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'The landlord did not forewarn the tenants': Vancouver renter and child develop rashes from bed bug bites

The RTB said that the landlord's failure to check other units or notify other tenants may have worsened the situation.
A Vancouver renter says a beg bug infestation in her unit was worsened due to negligence by her landlord.

While they are one of the smallest pests you might encounter in your pad, they pack one of the most problematic bites. 

Bed bugs are notoriously difficult to get rid of and infestations can spread through apartment buildings. The tiny insects are also adept hitchhikers, meaning that travellers can pick them up on the road and bring them home as unwelcome house guests. 

The tiny critters are also a source of strife between landlords and their tenants since both parties bear responsibility for maintaining cleanliness in rental units. But there are some important differences. 

According to Section 32 of the Residential Tenancy Act (RTA), landlords are responsible for providing and maintaining their residential properties in a state that complies with the health, safety, and housing standards required by law. In other words, they need to try to prevent infestations from happening and deal with them swiftly if they do. 

But tenants aren't off the hook for keeping their pads pest free. 

The RTA stipulates that renters must also maintain "reasonable health, cleanliness, and sanitary standards" in their units.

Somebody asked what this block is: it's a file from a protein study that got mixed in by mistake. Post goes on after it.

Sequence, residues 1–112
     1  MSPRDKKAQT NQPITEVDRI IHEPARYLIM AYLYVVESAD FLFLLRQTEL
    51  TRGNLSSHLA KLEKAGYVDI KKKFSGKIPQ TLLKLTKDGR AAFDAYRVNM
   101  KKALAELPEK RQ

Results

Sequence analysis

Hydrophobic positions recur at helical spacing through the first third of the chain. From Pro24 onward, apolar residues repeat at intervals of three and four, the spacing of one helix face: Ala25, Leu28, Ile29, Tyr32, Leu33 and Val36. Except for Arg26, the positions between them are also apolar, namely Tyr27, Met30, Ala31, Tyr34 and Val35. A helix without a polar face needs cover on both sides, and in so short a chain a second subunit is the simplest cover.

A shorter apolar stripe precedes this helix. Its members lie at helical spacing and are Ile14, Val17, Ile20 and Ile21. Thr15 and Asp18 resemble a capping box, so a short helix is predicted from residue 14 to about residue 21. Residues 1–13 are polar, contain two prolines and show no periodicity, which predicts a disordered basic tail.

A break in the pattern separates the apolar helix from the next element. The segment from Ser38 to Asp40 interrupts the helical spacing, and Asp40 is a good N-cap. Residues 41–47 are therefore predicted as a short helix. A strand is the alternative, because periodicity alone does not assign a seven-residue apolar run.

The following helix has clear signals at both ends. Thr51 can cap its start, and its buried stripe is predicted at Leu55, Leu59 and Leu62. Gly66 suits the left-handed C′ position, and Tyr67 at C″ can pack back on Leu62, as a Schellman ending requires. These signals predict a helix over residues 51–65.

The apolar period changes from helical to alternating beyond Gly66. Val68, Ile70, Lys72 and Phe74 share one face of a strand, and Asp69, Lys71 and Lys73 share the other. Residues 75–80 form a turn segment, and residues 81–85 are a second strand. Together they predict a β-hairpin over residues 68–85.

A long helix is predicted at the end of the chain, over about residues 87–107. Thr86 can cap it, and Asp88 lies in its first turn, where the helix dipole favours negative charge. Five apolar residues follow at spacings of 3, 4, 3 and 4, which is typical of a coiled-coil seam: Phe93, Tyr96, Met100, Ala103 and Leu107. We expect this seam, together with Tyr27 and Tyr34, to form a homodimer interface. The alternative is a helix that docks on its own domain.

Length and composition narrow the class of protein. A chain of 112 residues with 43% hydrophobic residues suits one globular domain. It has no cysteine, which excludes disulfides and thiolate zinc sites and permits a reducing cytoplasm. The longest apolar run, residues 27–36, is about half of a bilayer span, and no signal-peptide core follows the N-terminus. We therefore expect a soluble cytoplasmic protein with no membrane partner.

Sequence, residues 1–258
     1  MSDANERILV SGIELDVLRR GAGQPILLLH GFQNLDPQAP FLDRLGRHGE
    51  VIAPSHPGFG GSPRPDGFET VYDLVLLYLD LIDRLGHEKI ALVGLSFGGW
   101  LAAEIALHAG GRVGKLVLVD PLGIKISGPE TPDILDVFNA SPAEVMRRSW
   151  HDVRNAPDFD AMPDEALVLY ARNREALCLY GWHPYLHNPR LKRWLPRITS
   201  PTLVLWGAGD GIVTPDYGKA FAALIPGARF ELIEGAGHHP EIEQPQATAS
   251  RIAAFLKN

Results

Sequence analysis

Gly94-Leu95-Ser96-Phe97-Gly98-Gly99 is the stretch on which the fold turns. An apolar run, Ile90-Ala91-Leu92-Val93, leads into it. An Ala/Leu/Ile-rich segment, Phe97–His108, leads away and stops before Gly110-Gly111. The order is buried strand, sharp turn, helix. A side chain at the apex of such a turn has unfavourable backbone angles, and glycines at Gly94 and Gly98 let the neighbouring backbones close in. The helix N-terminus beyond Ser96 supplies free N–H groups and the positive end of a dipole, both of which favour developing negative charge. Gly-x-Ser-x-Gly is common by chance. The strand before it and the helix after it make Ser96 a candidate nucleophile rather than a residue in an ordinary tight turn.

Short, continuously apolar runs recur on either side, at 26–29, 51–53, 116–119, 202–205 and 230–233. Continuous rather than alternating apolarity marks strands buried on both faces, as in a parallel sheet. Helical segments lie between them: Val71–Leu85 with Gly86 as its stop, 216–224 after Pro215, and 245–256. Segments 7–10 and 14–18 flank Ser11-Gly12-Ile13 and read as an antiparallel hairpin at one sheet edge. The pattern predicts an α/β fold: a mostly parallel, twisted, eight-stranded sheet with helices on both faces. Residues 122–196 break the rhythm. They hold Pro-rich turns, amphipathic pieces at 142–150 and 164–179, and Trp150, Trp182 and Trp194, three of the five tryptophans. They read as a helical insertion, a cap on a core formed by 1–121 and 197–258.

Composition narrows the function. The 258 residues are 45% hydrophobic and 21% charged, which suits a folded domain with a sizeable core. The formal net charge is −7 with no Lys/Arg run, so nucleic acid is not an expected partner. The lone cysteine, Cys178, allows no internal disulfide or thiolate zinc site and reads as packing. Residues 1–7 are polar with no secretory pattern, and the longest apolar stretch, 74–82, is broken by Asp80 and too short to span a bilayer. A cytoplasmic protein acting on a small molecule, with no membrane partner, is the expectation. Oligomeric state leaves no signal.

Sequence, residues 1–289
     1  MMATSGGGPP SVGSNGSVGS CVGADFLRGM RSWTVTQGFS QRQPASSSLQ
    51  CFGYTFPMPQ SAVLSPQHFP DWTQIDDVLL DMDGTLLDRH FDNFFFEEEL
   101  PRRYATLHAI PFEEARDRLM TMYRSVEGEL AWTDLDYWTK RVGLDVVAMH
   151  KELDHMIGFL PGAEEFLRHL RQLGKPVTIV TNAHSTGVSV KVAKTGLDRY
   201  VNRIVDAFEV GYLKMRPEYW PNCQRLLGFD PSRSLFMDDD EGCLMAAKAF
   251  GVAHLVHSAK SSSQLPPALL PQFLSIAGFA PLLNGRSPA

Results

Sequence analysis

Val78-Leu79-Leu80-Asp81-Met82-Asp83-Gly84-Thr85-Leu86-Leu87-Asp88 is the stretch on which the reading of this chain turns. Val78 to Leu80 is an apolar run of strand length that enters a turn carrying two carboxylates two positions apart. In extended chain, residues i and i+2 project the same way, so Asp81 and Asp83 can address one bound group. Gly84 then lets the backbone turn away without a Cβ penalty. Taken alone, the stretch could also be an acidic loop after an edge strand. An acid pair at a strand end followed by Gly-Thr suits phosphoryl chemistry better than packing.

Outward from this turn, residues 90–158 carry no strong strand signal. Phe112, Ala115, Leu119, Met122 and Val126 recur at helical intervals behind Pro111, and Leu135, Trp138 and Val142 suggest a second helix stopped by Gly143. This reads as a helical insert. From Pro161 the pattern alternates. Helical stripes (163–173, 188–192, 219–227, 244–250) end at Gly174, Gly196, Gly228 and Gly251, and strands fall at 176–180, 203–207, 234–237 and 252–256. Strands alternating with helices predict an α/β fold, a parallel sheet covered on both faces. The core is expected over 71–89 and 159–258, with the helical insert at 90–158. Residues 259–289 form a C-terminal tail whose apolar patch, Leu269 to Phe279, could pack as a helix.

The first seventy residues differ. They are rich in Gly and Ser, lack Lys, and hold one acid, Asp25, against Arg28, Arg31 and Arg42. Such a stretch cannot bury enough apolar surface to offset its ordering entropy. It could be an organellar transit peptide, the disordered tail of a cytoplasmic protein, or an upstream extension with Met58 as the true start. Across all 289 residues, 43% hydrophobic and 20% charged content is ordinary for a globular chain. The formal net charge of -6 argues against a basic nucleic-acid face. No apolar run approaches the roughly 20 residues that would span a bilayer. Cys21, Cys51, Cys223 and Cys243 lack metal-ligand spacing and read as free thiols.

When it comes to an infestation, B.C.'s Residential Tenancy Branch (RTB) will often side with landlords who provide evidence that their tenants did not uphold their end of the bargain. In cases like this, the renters may have failed to clean their units or take their garbage out on a regular basis.

In one case, the RTB said a tenant worsened a severe cockroach infestation that spread from one unit to several neighbouring ones. 

Vancouver renter claims thousands of dollars in damages for bed bug infestation

In some instances, the RTB will side with tenants who are able to prove that a landlord's actions or negligence caused or worsened an infestation. 

A Metro Vancouver renter was asking for several thousand dollars to replace items that were ruined due to a bed bug infestation and the cost of a hotel she stayed in while her unit was sprayed. She was also asking for compensation for the medicine she purchased to treat bug bites and for her emotional suffering.

The tenant also discover a rash on her child's face, which the doctor diagnosed as impetigo. She later developed the same rash and began to do some online research. After learning that bed bugs can cause rashes, she checked her mattress and discovered a bug. When she informed the building manager, she was informed that another tenant had them.

In the dispute, the tenant said an infestation in a neighbouring unit spread to hers, and the property owner did not follow Vancouver Coastal Health's guidance to check other units for bugs. The RTB noted that the renter would have known what the bug was and what to do with it had she known that there was a nearby infestation.

The RTB found that the tenants, who were the parents of a two-year-old child, would have also been on alert for signs of bed bugs in their unit. 

"By the time their son contracted his rash, if not before, they would have known to alert the landlord and avert most if not all of the damage and inconvenience that they ultimately suffered," it wrote in the decision.

"The landlord did not forewarn the tenants and as a result are responsible for damage and loss suffered by the tenants that was reasonably the result of that failure."

Eighteen days before the tenancy hearing, the tenants filed a document claiming $7,229.55 for "bins, totes, garbage bags, bed bug pillow cases and mattress covers, laundry costs a hotel for one night, a new mattress and for general damages for trauma as the landlords’ son had an allergic reaction to bed bug bites."

The RTB awarded the tenant $5,122.58, which included the $100 filing fee.